Within stock plant production systems, herbaceous perennial crops need to produce enough vegetative material to justify the cost of the space that they occupy on the greenhouse bench. Although harvesting cuttings before bloom time is not preferred (Walters, 1982), taking cuttings year-round is a challenging task because perennials flower at different times during the year. Studies have shown that the reproductive tissue on cuttings can inhibit root and vegetative development (Gibson and Cerveny, 2005); therefore, it is highly desirable to keep stock plants in a juvenile or vegetative state of development. Because the success of propagating vegetative cuttings will depend on the propagator’s judgment (Wells, 1971), producing stock plants with more available vegetative material during the growing season would certainly increase the propagator’s options.
To achieve target uniformity, perennial producers often prune their plants manually, or, although less common, the use of plant growth regulators to enhance vegetative plant growth and remove reproductive tissue (Preece and Read, 1993). However, manually pruning perennials to encourage vegetative growth can be labor intensive (Banko and Stefani, 1996) and add additional unwarranted expense (Holland et al., 2007). Applying plant growth regulators, on the other hand, is generally less labor intensive than manual pruning, although there is a chance it can cause phytotoxicity in certain crops (Meijón et al., 2009). Three specific plant growth regulators have been identified for their potential benefits in stock plant production: gibberellic acid, benzyladenine, and ethephon.
Gibberellic acid 4 and 7 (GA4+7) is a plant growth regulator that has been isolated from species of the fungus, Gibberella fujikuroi, and were first found in Japan in 1926 by E. Kurosawa (Salisbury and Ross, 1969). GA4+7 promotes growth primarily through cell enlargement that is uniform throughout plant tissue. GA4+7 also hydrolyzes starch into sugar, which, in turn, provides energy and encourages uptake of water by cells; cell wall elasticity is another result of GA activity in the cell (Moore, 1984). Therefore, the application of GA4+7 to promote plant growth could result in more available propagation material from stock plants.
Cytokinins, specifically benzyladenine, have been found to be involved in nearly all aspects of plant growth and development (Leopold and Kreidermann, 1975). Benzyladenines are known for cell enlargement, not cell elongation as with auxins and GA. They promote cell growth in all directions (Preece and Read, 1993), which can result in the decrease of apical dominance if cytokinin levels in the plant are elevated (Hartmann et al., 2002). Therefore, increased lateral growth could be used to obtain more propagation material from stock plants.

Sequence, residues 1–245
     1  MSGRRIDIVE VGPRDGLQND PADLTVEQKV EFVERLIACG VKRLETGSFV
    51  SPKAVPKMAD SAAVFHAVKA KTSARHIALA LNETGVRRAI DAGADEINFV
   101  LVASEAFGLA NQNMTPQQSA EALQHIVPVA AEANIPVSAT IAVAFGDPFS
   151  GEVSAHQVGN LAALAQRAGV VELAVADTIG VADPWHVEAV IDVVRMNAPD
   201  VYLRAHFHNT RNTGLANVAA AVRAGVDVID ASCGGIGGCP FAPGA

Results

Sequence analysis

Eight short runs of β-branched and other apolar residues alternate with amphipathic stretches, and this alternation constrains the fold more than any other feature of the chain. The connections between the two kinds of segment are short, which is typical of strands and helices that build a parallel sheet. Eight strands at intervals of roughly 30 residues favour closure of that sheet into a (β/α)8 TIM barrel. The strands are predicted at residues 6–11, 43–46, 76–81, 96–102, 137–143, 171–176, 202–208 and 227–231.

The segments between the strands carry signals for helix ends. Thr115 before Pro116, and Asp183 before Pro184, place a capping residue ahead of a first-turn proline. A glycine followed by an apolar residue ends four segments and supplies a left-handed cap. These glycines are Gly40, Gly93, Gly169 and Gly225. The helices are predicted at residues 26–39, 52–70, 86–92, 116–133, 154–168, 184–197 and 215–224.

The third plant growth regulator, ethephon, is an ethylene inducer that enters the plant and breaks down into three molecules: phosphate, chloride, and ethylene. These molecules are released into the plant systems, effecting plant growth and reproductive development (Preece and Read, 1993). Ethephon is widely used to promote auxiliary shoot development without damage to the apical meristem (Hayashi et al., 2001). Therefore, an increase in branching and a decrease in flower development could result in significantly more vegetative growth on herbaceous perennial stock plants.
Herbaceous perennial responses to plant growth regulators can vary across cultural and environmental conditions (Cochran and Fulcher, 2013). Previous research that involved herbaceous perennial liners with applications of 300, 600, 900, or 1200 ppm benzyladenine showed increased branching on ‘Ruby Star’ coneflower (Echinacea) at rates as low as 300 ppm (Latimer et al., 2011), while ‘Silver Lode’ coral bells responded minimally to an application of 600 ppm benzyladenine for both plant height and width (Latimer and Freeborn, 2015). The wide range of possible plant responses indicates the importance of studying two determining factors: 1) the rate and application timing based on the target crop and 2) the effect on plant growth the producer is trying to achieve (Cochran and Fulcher, 2013).
The herbaceous perennials used in these studies were ‘Snow Angel’ coral bells (Heuchera sanguinea) and Orange Carpet hummingbird trumpet (Epilobium canum ssp. garrettii ‘PWWG01S’). During meetings with greenhouse and nursery operators who are propagating the two herbaceous perennial plants, they identified two main production problems with both ‘Snow Angel’ coral bells and Orange Carpet hummingbird trumpet: 1) the lack of vegetative propagation material from stock plants and 2) low rooting percentage rates during propagation. On the basis of previous research, it was determined that using plant growth regulators could resolve both problems.
The overall objective of these studies was to evaluate vegetative and floral development of ‘Snow Angel’ coral bells and Orange Carpet hummingbird trumpet after applications of three commercially available plant growth regulators with the active ingredients: GA, benzyladenine, or ethephon. The hypothesis of this study was that applications of plant growth regulators would result in increased vegetative propagation material from ‘Snow Angel’ coral bells and Orange Carpet hummingbird trumpet stock plants and not affect rooting success.
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